Sept. 12—Exhibitions Opening Reception: “Project Series 38: Constance Mallinson Nature Morte” and “The New Normal”
The opening reception for “Project Series 38: Constance Mallinson Nature Morte” and “The New Normal” exhibitions at the Pomona College Museum of Art will begin at 5 p.m. The Pomona College Museum of Art is located at 330 N. College Avenue, Claremont.

The Museum is open to the public free of charge Tuesday through Friday, from noon to 5 p.m., and Saturday and Sunday from 1 to 5 p.m. Contact: (909) 621-8283 or visit the museum’s website at www.pomona.edu/museum.

Sept. 16—Artist Lecture: “Project Series 38: Constance Mallinson Nature Morte”
Artist Constance Mallinson will present a public lecture at the Pomona College Museum of Art about her exhibit, “Project Series 38: Constance Mallinson Nature Morte,” beginning at 2 p.m. The Pomona College Museum of Art is located at 330 N. College Avenue, Claremont.

The Museum is open to the public free of charge Tuesday through Friday, from noon to 5 p.m., and Saturday and Sunday from 1 to 5 p.m. Contact: (909) 621-8283 or visit the museum’s website at www.pomona.edu/museum.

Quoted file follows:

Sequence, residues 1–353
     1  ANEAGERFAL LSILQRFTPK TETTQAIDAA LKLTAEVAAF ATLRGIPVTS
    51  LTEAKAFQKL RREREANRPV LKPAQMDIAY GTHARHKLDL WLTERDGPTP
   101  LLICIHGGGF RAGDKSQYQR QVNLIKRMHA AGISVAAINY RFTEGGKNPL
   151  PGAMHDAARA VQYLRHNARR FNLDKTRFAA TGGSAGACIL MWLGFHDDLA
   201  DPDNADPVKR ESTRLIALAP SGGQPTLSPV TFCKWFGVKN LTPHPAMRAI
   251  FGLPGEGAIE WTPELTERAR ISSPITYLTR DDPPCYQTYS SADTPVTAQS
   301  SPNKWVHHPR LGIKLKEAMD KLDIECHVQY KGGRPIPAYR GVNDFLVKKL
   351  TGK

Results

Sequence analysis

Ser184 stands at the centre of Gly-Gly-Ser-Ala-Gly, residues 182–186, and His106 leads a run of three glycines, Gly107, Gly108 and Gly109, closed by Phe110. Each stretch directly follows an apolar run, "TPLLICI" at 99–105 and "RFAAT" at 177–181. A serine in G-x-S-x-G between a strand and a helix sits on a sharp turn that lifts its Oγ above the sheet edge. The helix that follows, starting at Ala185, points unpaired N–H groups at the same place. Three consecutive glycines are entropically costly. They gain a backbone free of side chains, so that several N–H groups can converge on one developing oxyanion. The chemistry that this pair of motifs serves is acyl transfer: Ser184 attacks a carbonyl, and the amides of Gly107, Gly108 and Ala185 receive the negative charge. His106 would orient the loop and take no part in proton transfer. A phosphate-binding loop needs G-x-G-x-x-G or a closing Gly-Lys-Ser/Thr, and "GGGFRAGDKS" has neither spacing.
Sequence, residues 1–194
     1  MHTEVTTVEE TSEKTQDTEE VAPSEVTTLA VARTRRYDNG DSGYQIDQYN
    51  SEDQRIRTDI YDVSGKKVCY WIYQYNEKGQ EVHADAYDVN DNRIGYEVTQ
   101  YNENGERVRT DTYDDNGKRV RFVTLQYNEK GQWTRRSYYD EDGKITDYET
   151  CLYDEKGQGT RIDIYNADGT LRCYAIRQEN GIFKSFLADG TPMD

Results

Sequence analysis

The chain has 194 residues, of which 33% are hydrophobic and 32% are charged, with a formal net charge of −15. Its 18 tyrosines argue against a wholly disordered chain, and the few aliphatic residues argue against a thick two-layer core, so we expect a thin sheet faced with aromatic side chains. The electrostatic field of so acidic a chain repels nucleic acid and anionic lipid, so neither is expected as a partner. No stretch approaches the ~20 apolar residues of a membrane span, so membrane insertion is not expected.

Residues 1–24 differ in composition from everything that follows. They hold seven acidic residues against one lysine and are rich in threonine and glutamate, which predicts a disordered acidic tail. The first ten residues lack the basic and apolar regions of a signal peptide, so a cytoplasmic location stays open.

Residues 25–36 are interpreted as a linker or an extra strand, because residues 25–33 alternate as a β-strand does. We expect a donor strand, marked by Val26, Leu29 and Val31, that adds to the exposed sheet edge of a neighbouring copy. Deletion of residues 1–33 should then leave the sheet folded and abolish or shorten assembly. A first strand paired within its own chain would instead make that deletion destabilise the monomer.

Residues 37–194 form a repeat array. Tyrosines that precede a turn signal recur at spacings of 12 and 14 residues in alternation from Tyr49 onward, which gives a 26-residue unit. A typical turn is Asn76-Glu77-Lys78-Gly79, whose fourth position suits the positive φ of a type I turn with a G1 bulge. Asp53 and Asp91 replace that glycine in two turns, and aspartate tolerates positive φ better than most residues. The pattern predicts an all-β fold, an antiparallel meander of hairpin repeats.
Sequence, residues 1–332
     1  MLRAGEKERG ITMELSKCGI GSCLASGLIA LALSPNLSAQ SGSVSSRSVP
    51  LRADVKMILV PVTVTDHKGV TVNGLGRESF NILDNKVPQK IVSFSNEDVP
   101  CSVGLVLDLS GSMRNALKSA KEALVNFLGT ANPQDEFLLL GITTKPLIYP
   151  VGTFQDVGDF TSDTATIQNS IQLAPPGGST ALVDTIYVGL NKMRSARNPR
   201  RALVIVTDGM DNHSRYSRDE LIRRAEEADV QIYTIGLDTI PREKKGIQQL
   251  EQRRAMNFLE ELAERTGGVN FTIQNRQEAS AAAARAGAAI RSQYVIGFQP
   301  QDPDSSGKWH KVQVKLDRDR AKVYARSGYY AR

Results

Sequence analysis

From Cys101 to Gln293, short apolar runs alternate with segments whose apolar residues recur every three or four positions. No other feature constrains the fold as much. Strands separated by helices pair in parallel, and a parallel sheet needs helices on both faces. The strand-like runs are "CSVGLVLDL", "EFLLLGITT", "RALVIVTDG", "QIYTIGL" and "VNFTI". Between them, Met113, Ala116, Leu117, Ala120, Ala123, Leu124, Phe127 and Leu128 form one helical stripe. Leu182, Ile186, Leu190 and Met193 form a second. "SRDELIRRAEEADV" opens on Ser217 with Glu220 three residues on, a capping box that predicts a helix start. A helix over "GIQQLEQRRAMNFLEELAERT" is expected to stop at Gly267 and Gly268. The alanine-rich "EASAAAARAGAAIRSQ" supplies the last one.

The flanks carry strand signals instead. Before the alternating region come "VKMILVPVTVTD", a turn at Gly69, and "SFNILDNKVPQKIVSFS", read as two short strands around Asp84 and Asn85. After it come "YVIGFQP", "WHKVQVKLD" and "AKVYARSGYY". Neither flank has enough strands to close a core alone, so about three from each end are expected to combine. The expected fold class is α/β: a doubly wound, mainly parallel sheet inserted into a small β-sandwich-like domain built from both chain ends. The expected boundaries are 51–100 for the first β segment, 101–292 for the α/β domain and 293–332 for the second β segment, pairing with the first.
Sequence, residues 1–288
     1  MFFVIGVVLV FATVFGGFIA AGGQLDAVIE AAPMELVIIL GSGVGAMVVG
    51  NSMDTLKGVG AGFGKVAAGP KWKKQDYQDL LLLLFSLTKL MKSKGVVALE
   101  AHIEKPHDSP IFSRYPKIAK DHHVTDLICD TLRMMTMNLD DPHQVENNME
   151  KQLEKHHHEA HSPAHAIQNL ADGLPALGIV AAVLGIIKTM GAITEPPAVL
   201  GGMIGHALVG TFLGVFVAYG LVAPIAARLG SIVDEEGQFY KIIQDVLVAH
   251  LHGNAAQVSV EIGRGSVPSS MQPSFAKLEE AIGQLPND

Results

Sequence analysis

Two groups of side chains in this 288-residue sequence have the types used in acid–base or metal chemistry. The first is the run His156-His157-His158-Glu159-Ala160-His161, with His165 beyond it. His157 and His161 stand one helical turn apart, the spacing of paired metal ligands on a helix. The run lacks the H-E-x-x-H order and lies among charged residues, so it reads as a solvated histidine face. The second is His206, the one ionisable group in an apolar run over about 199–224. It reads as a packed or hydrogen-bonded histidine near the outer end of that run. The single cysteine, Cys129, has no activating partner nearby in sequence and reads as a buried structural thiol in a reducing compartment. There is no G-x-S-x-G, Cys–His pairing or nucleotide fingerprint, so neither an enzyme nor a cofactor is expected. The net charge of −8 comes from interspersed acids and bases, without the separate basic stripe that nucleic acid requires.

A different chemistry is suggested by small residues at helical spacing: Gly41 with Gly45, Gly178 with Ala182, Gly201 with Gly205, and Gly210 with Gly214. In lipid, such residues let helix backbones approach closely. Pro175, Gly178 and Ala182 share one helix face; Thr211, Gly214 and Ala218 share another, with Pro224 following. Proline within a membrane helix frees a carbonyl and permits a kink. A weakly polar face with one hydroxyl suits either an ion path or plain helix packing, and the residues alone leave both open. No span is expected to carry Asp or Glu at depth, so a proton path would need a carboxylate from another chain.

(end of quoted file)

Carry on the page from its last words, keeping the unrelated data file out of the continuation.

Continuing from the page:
Sept. 17—Pomona Student Union: Blogger Christian Lander “Stuff White People Like”
Christian Lander, humorous social critic and blogger at Stuff White People Like, will speak about issues of racial stereotypes and humor in new media. This event is sponsored by the Pomona Student Union and begins at 7 p.m. Location TBD. Contact: (909) 621-8514 or e-mail: sneha.abraham@pomona.edu.

Sept. 20—Concert: Celliola & Friends
Pomona College music faculty members Tom Flaherty (cello), Cynthia Fogg (viola), Rachel Huang (violin) and others will perform Kodaly’s Duo for violin and cello, and music by Bialosky, Chambers, Flaherty, Lutoslawski, and Pierce. The concert begins at 3 p.m. and will be held in Bridges Hall of Music (Pomona College, 150 E. 4th St, Claremont). Contact: (909) 607-2621; e-mail: concerts@pomona.edu; visit: www.music.pomona.edu.

Sept. 23—Fall Faculty Lecture Series: “Topology: The Geometry That Isn’t”
Professor Vin de Silva (Mathematics) will deliver a lecture titled, “Topology: The Geometry that Isn’t.” The lecture begins at noon in the Blue Room in Frank Dining Hall (Pomona College, 260 E. Bonita Avenue, Claremont). This event is free and open to the public and lunch is provided at no cost. Contact: (909) 621-8328.

Sept. 23—Panel Discussion: “The Public and Private in Media”